Exterior and Treehouse Building Type “This was really a parameter-driven project,” explains Lukasz Kos, a Toronto-based designer and cofounder of the architecture firm Testroom. “That is, I had to let the trees decide how the tree house would be.”

What the trees decided, apparently, was that they wanted a gracefully slender, Blade Runner–like elevator lodged between them. They also decided they didn’t want to be too mutilated in the process. Kos responded to their needs with the low-impact 4Treehouse, a lattice-frame structure that levitates above the forest floor of Lake Muskoka, Ontario, under the spell of some witchy architectural magic.

He created this effect by suspending the two-ton, 410-square-foot tree house 20 feet above the ground with steel airline cables. With only one puncture hole in each of the four trunks into which the cable is anchored, the trees get away almost entirely unscathed, and the structure attains the visual effect of being suspended weightlessly in midair. 

At the base of the tree, a staircase rolls on casters upon two stone slabs, allowing occupants to enter and exit regardless of how much the tree house may be swaying or rocking in the wind. Solid plywood walls punctuated by a floor of red 

PVC constitute the “opaque” base story, which is largely protected from the outside elements. “The idea was to have the tree house open up as it gained elevation,” explains Kos. The second story is surrounded by a vertical lattice frame, allowing for breezes, air, and light to filter softly through walls while still establishing a visual perimeter between outside and inside space. At top, the tree house is completely penned in, a suspended patio with a ceiling of sky.  br> br>Photo by Lukasz Kos.  Photo 20 of 25 in Photo Essay: Enchanting Tree Houses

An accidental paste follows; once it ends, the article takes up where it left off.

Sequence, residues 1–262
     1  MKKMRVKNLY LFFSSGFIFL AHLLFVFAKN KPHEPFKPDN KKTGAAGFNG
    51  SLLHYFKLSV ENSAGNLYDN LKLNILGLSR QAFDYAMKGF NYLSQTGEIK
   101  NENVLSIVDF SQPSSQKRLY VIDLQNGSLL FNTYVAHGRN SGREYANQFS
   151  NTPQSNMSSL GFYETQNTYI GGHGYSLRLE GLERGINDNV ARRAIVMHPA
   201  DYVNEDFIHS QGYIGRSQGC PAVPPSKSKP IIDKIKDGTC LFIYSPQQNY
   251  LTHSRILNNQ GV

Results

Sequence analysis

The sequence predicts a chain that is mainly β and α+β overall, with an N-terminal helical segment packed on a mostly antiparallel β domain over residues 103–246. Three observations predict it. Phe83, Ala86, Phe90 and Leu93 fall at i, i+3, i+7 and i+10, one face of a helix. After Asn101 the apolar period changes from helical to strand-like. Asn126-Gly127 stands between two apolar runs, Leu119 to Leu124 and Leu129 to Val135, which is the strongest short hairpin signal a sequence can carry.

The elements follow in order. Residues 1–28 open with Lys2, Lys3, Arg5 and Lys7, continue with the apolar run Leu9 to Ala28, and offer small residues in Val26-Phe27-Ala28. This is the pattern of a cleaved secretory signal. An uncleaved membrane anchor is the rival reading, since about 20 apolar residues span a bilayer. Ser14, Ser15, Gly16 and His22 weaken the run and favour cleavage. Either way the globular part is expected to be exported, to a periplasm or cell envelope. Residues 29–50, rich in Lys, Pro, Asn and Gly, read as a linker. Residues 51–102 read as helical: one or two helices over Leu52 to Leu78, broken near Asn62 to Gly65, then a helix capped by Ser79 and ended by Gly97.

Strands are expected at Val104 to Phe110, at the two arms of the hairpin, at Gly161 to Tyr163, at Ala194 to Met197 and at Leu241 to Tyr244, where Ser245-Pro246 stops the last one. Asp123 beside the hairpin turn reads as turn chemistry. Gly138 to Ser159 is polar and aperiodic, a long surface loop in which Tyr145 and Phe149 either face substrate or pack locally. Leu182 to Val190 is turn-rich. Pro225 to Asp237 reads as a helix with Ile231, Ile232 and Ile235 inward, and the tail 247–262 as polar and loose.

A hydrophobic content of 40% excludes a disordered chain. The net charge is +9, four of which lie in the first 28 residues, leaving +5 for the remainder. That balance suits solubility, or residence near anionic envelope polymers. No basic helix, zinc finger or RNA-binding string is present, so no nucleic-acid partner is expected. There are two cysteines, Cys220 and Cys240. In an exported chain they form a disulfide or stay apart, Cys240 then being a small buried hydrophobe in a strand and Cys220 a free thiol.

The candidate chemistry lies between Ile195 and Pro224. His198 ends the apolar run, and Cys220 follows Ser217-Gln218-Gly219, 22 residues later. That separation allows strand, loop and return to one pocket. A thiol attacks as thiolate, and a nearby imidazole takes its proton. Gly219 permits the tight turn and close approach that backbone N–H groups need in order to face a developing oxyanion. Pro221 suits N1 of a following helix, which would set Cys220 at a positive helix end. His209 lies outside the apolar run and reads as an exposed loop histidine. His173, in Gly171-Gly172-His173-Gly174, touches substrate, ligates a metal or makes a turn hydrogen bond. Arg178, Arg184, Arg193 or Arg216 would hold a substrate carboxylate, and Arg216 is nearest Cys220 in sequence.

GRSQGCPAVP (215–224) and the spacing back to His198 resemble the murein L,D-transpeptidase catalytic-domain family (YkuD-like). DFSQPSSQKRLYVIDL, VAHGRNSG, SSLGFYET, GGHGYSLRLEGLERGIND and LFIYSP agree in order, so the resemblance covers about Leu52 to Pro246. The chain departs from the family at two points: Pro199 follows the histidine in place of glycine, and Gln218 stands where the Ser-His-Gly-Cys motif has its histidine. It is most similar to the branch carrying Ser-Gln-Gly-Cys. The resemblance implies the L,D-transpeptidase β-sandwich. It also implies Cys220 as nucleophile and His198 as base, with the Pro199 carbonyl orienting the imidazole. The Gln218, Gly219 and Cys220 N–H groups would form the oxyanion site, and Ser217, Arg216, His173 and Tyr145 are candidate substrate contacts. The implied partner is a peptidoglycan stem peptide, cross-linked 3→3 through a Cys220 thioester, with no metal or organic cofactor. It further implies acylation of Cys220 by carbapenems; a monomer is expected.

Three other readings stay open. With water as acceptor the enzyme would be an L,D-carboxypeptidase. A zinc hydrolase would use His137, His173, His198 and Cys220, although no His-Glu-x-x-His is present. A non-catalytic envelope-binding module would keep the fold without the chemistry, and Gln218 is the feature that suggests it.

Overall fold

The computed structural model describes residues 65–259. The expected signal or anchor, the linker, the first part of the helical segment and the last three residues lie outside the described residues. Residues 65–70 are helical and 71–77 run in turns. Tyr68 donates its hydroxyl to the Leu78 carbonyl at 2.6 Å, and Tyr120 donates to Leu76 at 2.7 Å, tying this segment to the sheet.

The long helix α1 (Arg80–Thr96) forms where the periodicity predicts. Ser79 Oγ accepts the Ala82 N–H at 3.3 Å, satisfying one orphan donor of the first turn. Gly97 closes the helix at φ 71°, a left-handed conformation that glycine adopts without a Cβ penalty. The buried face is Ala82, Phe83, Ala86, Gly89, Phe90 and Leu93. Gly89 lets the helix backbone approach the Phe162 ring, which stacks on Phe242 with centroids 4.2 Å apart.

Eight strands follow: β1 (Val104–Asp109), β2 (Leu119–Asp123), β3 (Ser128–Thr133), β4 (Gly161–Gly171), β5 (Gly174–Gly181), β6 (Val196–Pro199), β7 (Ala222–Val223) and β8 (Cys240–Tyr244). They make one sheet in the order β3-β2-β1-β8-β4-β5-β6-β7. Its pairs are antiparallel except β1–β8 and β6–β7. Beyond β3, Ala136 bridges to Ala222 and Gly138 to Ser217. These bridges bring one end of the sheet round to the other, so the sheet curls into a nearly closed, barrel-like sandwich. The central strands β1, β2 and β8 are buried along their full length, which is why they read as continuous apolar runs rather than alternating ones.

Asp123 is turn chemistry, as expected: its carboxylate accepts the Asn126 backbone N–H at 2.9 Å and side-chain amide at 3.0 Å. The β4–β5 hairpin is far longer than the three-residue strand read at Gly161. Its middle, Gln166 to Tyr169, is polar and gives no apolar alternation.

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Exterior Achieving such efficiency and maintaining the integrity of the wetlands and woodlands on the property meant more research for both the designers and the resident—just getting approval for the siting of the buildings and the driveway took eight months—but Hague is hardly one to do things half way. “A lot of times couples engage in house-building, like birds. I'm doing this solo, more like a monk,” he says of the deeply personal undertaking.  Photo 22 of 25 in Photo Essay: Enchanting Tree Houses
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Exterior and Treehouse Building Type Visitors learn about energy and water conservation as they climb outdoor staircases that lead from the forest floor to the 125-foot-high rooftop rising above the leaf canopy. Photo by Joe Fletcher.  Photo 21 of 25 in Photo Essay: Enchanting Tree Houses from Sustainability Treehouse
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